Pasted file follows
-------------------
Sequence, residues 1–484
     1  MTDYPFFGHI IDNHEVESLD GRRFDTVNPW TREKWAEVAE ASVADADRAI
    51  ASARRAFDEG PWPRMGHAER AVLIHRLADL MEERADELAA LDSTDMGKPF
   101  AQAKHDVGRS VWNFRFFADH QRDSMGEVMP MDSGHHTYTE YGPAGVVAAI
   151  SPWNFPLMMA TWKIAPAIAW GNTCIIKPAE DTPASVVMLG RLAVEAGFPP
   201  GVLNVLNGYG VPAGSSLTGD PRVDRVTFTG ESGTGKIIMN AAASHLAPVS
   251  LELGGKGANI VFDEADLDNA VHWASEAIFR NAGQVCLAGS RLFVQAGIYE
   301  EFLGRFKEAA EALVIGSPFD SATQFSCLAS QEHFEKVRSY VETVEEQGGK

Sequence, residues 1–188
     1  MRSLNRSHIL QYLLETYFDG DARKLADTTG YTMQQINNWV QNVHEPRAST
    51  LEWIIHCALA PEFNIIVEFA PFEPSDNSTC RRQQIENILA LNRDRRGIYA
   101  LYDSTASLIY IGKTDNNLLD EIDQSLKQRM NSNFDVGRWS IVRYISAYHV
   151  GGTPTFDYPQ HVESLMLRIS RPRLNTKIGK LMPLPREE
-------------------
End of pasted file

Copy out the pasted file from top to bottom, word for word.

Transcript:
Sequence, residues 1–484
     1  MTDYPFFGHI IDNHEVESLD GRRFDTVNPW TREKWAEVAE ASVADADRAI
    51  ASARRAFDEG PWPRMGHAER AVLIHRLADL MEERADELAA LDSTDMGKPF
   101  AQAKHDVGRS VWNFRFFADH QRDSMGEVMP MDSGHHTYTE YGPAGVVAAI
   151  SPWNFPLMMA TWKIAPAIAW GNTCIIKPAE DTPASVVMLG RLAVEAGFPP
   201  GVLNVLNGYG VPAGSSLTGD PRVDRVTFTG ESGTGKIIMN AAASHLAPVS
   251  LELGGKGANI VFDEADLDNA VHWASEAIFR NAGQVCLAGS RLFVQAGIYE
   301  EFLGRFKEAA EALVIGSPFD SATQFSCLAS QEHFEKVRSY VETVEEQGGK

Sequence, residues 1–188
     1  MRSLNRSHIL QYLLETYFDG DARKLADTTG YTMQQINNWV QNVHEPRAST
    51  LEWIIHCALA PEFNIIVEFA PFEPSDNSTC RRQQIENILA LNRDRRGIYA
   101  LYDSTASLIY IGKTDNNLLD EIDQSLKQRM NSNFDVGRWS IVRYISAYHV
   151  GGTPTFDYPQ HVESLMLRIS RPRLNTKIGK LMPLPREE